PHOENIX — Nearly 29 million Latino workers nationwide will be affected during this pandemic, according to the League of United Latin American Citizens’ (LULAC) most recent report on the impact of COVID-19 on Latino families.
ABC15 spoke to a Valley father going through a financial and emotional struggle after losing five family members as well as almost losing his small business to the virus.
“We have been hit financially, mentally, physically, and emotionally,” said Ricardo Aguirre, whose family of six tested positive to COVID-19 in May.
Between May and June, five of his family members died after contracting COVID-19.
“We had no contact with them whatsoever and yet they passed away. In a matter of days, they got sick and they died,” said Aguirre.
He feels Latino families are being left behind. He blames it on a lack of leadership by Governor Ducey.
“A lot of people are dying, people are getting more sick. There are a lot of more cases every single day. The numbers don’t lie. I wish I was in front of him, so he can see what we’re going through.”
The report from LULAC’s outlines this crisis.
“Most Latino families have to choose between staying home and being safe or going to work and getting sick. Working from home is not an option for over 84% of Latinos. Working from home is not an option for the farmers, single moms and dads providing for their children, and the millions of low-wage earners living paycheck to paycheck.”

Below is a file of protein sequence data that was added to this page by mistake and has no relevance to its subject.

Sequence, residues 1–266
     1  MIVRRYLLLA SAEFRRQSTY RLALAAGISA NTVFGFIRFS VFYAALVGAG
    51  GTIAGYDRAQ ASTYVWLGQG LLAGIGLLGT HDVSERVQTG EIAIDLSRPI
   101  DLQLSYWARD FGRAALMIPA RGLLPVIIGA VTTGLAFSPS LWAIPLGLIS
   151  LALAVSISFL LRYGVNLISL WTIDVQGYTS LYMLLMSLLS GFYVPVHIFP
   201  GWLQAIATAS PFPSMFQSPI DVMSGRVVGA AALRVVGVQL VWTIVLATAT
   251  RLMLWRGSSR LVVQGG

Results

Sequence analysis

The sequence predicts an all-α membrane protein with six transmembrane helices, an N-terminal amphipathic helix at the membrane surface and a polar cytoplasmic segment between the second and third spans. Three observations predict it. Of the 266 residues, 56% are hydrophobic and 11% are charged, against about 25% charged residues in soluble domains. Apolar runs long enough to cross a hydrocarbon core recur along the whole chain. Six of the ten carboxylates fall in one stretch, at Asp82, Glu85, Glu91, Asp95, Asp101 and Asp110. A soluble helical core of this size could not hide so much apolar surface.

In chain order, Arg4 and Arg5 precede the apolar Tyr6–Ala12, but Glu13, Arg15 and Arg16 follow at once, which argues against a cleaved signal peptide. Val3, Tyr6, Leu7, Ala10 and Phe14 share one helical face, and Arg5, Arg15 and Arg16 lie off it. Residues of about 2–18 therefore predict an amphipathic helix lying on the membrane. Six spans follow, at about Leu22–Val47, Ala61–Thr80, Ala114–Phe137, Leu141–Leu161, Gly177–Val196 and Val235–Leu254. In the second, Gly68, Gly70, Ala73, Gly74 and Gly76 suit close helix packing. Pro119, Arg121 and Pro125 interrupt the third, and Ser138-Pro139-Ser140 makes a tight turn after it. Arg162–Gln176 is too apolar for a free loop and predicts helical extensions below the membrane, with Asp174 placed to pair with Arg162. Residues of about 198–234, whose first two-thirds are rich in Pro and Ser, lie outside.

In Aguirre’s case, he fears future unknowns. The family’s Mexican food catering business has been closed since March.
“People started calling us, asking for their refunds for their deposits. By March 27, I was negative almost $4,000. It was like chargeback, chargeback, chargeback. What am I going to do,” questions Aguirre.
That’s the question many Latino families are facing, according to LULAC. 49% of Latinos in the U.S have had a pay cut, been laid off or lost their job.
“LULAC has partnered with many organizations to help ensure that our families have the resources they need,” said Lydia Guzman, a member of LULAC and Chicanos por la Causa.
Guzman also notes locally they have developed a website called “Conexión” to help families like the Aguirre with resources such as unemployment insurance, rental/housing assistance and food boxes.
Also, LULAC’s report shows millions of Latino-owned businesses will see their sales drop to zero and go out of business, but Aguirre feels hopeful.
“There’s a lot of good people out there and I really thank them from the bottom of my heart.”
He says his wife and kids are doing better now after having the coronavirus, but his parents are still in ICU. In fact, his mother will still have to go to a long-term care facility to recover.
“My mother is on six liters of oxygen, but the problem is not that they’re better [it] is what we went through, the experience we all went through,” said Aguirre.
The statements from Governor Doug Ducey Thursday at a press conference is not what Aguirre wanted to hear. “He is still saying that we have to learn to live with it, that’s not fair.”
Aguirre also says he wants action, “you’re supposed to lead by example. You’re supposed to show others how to do their job. He hasn’t done any of that.” If you would like to help the Aguirre family CLICK HERE.